An investment in effective onboarding is an investment in employee retention, morale, and productivity. Both research and common sense tell us that it makes sense to invest time and effort into preparing employees to be successful at their jobs. If you want them to become productive as quickly as possible, why would anyone not do what it took to make that happen? If you're going to spend all that money on acquiring them and paying them to come to work, why would you not prepare them to succeed? Despite the obviousness of this, many organizations approach new hire orientation with a level of professionalism and quality they would never tolerate in their daily operations.
Are you making these four common—and costly—mistakes in your on-boarding program?
Mistake #1: Trying to cram 20 hours worth of information into four mind-numbing hours of orientation.
From a purely practical point of view, doing this wastes your time and your hire's. If it's impossible for them to absorb the information, why spend precious time on this exercise in futility? Smart organizations break orientation into "bite-sized chunks." They also select the most effective medium for the particular type of information, off-loading information that is best accessed on one's own onto the corporate intranet.
Mistake #2: Running a slipshod, "fly by the seat of your pants" program, believing that doing so has no negative impact.
If you run a slipshod, disorganized, second-rate orientation program, you are sending the message that you're a slipshod, second-rate company. Harsh as that may sound, that's the message such programs send. While all operational decisions and practices can impact an employee's assessment of the overall intelligence, professionalism, and effectiveness of their employer, few moments of truth are as sensitive to interpretation as the onboarding process. There are several psychological reasons for this sensitivity.
Human beings are "meaning-making creatures." One of the most fundamental human drives is the need to make sense out of our world. Few experiences create greater anxiety than not understanding what is going on or why something is happening.
This need to understand and explain to ourselves what is happening and why it's happening is most powerful when we find ourselves in uncharted territory. In unfamiliar situations, especially those that are ambiguous— that is, where we're not sure what is going on and no one is guiding us— we feel vulnerable. When we feel vulnerable, we feel insecure. In this emotional state, we are especially sensitive to any clues—real or imagined— that will help us make sense of our situation. Hungry for clues and information that we can use to make sense of this new environment, we are more likely to come to hasty conclusions, based on minimal information.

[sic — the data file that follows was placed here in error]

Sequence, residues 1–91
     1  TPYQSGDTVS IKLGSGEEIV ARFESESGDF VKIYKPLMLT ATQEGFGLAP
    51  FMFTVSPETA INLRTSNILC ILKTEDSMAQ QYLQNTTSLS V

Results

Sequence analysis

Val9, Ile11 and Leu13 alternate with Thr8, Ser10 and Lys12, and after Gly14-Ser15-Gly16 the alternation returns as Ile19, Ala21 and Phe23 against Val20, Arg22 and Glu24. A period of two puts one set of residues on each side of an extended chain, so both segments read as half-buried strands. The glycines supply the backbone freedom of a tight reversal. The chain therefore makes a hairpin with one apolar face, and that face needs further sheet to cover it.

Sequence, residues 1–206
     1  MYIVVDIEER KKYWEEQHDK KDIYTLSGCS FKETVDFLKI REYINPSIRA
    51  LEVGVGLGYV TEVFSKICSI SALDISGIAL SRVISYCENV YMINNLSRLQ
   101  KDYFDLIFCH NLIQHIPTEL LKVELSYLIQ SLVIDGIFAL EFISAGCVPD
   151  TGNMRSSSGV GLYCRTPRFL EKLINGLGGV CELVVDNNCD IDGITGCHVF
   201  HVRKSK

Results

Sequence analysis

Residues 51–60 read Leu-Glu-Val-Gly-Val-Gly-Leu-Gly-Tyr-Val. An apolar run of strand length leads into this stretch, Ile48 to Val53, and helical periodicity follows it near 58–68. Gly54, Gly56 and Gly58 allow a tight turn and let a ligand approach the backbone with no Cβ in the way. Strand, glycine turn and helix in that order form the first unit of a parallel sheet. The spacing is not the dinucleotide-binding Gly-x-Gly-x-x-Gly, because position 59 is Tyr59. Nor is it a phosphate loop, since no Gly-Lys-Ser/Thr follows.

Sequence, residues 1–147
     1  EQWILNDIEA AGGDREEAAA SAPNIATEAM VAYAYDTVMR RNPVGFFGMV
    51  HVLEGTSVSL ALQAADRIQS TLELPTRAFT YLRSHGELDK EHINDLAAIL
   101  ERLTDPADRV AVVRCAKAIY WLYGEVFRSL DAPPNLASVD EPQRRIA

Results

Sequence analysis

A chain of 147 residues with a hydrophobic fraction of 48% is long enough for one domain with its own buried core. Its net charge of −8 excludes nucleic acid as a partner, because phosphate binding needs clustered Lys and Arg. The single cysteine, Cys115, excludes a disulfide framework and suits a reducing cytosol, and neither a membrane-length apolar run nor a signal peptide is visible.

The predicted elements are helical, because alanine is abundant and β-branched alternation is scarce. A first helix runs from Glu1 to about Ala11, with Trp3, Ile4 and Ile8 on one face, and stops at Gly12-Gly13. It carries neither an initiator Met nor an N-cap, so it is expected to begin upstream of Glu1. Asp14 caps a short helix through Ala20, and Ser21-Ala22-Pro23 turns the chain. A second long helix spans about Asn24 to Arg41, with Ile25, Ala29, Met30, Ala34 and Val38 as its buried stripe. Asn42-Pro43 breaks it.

Cognitive psychologists call this making a "premature cognitive commitment." Premature cognitive commitments — coming to a conclusion without getting enough facts to make a truly accurate impression — also leads one to achieve a false sense of closure and certainty. Once someone has arrived at an assessment about a person or situation, future data is unlikely to shake his or her "understanding." (Thus, the truism: "You never get a second chance to make a first impression.")
Because new hires find themselves in uncharted territory, they are more prone to grasping for any possible clue to help them understand their new environment. Thus, they are more likely to "make meaning" out of anything and everything their new employer does or doesn't do. New hires will more likely place greater significance on any displays of slipshod, disorganized, or poorly thought-out on-boarding. Because of their vulnerability to premature cognitive commitments, they are more likely to take these perceptions as indicators of the company as a whole. Those first impressions can and will taint their future perspectives on the employer.
Mistake #3: Making your new hire orientations as dull as watching paint dry.
Despite all the information available on creative training techniques, interactive exercises and games, many organizations still insist on putting new hires through coma-inducing data dumps and form-filling marathons. Orientation programs that have filling out forms, speakers droning on about various policies, and watching the obligatory sexual harassment video as their centerpieces neglect one of the most important roles of new hire orientation: creating an inspiring experience that reassures new hires they made the right choice and lays the foundation for high employee engagement.
Mistake #4: Using the "sink or swim" approach to on-boarding.
Throwing a new employee into the fray without appropriate support and coaching is one of the most common, and damaging, mistakes an organization can make. Not only does it dramatically increase the odds the employee will leave, it communicates to all employees two morale and pride damaging messages: "Management doesn't care about their people" and "Management doesn't have common sense."
Effective on-boarding means keeping in touch with your new hires as they integrate into your organization. It means actively seeking them out to find out how they're doing and—this point is critical—making it easy for them to tell HR and their boss what's on their mind. Even assertive individuals can be reluctant to ask questions or say "the way you do this isn't working."
The more safe and easy you make it for new employees to speak the truth, the more likely you are to prevent employees from waiting until their exit interview—90 days into their job—to tell you what went wrong.
Reprinted with permission from ERE Media (www.ere.net).